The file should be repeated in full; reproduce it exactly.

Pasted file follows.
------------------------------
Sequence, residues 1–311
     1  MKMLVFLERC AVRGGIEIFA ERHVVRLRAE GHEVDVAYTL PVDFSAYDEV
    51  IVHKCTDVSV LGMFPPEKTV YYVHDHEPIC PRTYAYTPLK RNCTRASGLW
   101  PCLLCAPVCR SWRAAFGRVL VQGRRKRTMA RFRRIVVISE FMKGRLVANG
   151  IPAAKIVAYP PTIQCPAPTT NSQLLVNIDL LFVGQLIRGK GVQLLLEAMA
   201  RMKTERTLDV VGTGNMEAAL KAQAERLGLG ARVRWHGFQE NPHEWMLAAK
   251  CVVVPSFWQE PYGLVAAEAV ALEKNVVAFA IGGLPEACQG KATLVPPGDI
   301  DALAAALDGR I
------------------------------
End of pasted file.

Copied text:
Sequence, residues 1–311
     1  MKMLVFLERC AVRGGIEIFA ERHVVRLRAE GHEVDVAYTL PVDFSAYDEV
    51  IVHKCTDVSV LGMFPPEKTV YYVHDHEPIC PRTYAYTPLK RNCTRASGLW
   101  PCLLCAPVCR SWRAAFGRVL VQGRRKRTMA RFRRIVVISE FMKGRLVANG
   151  IPAAKIVAYP PTIQCPAPTT NSQLLVNIDL LFVGQLIRGK GVQLLLEAMA
   201  RMKTERTLDV VGTGNMEAAL KAQAERLGLG ARVRWHGFQE NPHEWMLAAK
   251  CVVVPSFWQE PYGLVAAEAV ALEKNVVAFA IGGLPEACQG KATLVPPGDI
   301  DALAAALDGR I